Reply

17 J. Money June 22, 2016 at 1:34 pm

Oh wow, good for you! $10k is no joke!

Reply

18 Kate @ Cashville Skyline June 22, 2016 at 8:17 am

This kind of reminds me of how I got duped into spending $60 on a home warranty for the first 4 years of owning my home. I feel like home warranties and whole life insurance are sold to us based on fear. There’s no way I would want to keep paying $200 per month. You’re smart to recommend chatting with a CPA to learn the tax implications of cashing out early!

Reply

19 J. Money June 22, 2016 at 1:36 pm

Hah! I actually loved our home warranty when we first bought – used it in month 3 when our pipes started leaking! Though I believe it was only a $200’ish yearly fee vs monthly one… All that $hit scares the crap out of me so it was well worth the peace of mind even if nothing did end up breaking… And so glad I’m back to renting again, haha…

Reply

20 Pat June 22, 2016 at 8:43 am

My mom had a $10K whole life policy she took out in the 1950’s which barely covered her funeral in 2009. She and my father never had investments. Growing up I didn’t know what stocks were and only received a few savings bonds from an aunt for gifts so my parents probably thought it was a good deal to have that policy. When I think of the money my parents paid out and what they could have done with it instead I would concur that whole life insurance is not worth it.

Reply

21 Fervent Finance June 22, 2016 at 8:47 am

I have a family member with a whole life policy. I’ve been meaning to do more research as I’m 90% sure they should cash out. Thanks for reminding me!

Reply

22 ZJ Thorne June 22, 2016 at 8:58 am

I have never heard a truly compelling case for whole life. I love how many people use term to get your family over a present potential hump. $200/month is a big expense, ugh. I hope your families agree on something that satisfies everyone.

Reply

23 Samantha Allen June 22, 2016 at 8:58 am

Whole life (agents) are such a ripoff. I mean, this “helpful” agent has been making thousands each year from suckering people into this ridiculous “investment”. That’s the part that makes me angry.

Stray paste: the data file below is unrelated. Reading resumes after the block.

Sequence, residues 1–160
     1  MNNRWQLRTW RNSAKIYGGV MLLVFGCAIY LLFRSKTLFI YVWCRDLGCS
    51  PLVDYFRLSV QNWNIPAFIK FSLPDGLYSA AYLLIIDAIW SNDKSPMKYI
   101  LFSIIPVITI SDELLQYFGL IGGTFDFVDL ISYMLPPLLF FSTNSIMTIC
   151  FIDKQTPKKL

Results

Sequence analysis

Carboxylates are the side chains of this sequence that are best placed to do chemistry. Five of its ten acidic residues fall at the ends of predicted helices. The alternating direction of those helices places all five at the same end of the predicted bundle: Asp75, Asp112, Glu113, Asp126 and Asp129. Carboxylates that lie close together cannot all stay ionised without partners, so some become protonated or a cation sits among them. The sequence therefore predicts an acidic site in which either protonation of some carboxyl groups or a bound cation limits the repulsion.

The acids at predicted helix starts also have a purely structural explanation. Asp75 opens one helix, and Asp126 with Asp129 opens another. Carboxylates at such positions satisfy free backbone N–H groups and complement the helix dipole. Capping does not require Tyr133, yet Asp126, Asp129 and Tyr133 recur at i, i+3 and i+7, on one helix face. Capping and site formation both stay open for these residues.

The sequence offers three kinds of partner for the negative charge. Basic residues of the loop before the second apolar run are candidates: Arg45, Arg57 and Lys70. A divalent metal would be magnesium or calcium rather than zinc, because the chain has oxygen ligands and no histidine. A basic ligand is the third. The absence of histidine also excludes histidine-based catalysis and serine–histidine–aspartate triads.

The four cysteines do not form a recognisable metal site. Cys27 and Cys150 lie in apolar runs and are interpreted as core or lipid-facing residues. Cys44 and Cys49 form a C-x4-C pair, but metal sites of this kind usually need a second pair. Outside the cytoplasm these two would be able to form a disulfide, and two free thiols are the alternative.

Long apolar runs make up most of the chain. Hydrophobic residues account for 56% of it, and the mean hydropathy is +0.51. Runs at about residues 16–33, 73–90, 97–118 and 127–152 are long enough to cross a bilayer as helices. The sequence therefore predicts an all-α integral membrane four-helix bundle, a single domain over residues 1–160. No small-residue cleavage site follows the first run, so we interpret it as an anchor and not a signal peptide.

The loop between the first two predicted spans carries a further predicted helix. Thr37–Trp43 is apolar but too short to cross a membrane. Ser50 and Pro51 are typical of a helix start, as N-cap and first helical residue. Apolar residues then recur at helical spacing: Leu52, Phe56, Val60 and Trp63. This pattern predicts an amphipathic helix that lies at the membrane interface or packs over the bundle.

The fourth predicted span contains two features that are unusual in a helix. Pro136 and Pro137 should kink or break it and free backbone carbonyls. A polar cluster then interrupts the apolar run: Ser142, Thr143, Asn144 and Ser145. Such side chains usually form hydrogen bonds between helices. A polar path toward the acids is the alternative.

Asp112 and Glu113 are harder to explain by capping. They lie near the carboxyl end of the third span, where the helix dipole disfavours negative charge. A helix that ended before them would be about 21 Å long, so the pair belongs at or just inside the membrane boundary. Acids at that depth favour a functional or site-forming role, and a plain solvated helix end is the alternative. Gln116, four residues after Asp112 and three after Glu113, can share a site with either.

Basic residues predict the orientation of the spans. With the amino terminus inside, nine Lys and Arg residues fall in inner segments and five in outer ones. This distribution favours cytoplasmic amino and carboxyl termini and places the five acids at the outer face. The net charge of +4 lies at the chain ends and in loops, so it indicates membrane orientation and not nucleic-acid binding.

We have term. I would DEFINITELY sell the whole and get out of it immediately. $200/month could send you on a really nice vacation each year.

Reply

24 Free to Pursue June 22, 2016 at 9:06 am

What I’ve read so far in a number of US-based finance and investment books is that 99% of the time, term is better, partly because an investment vehicle tied to an insurance policy guarantees poor returns (can anyone say fees).

We’re self-insured, so I can’t offer advice on which type of term insurance, etc…plus the whole living in Canada thing :).

Reply

25 J. Money June 22, 2016 at 1:40 pm

I never even THOUGHT about self-insuring until today hearing from the early retirement crew! I wonder if people take that into consideration when planning future expenses? That’s a nice monthly savings whichever type of insurance you get – which of course goes right into investments ;)

Reply

26 Free to Pursue June 23, 2016 at 12:49 pm

Exactly! The question is “how much do I need to have aside so that I know my family is covered?”. Once you have that, what’s the insurance for?! :)

Reply

27 Laura June 22, 2016 at 9:14 am

Cash out, take the financial hit and move on. The only thing worse than realizing you make a really bad financial mistake is continuing to pay on it once you do. Drop the policies now, and you’ll look back on the decision in a few years with no regret.

Reply

28 Dani June 22, 2016 at 9:26 am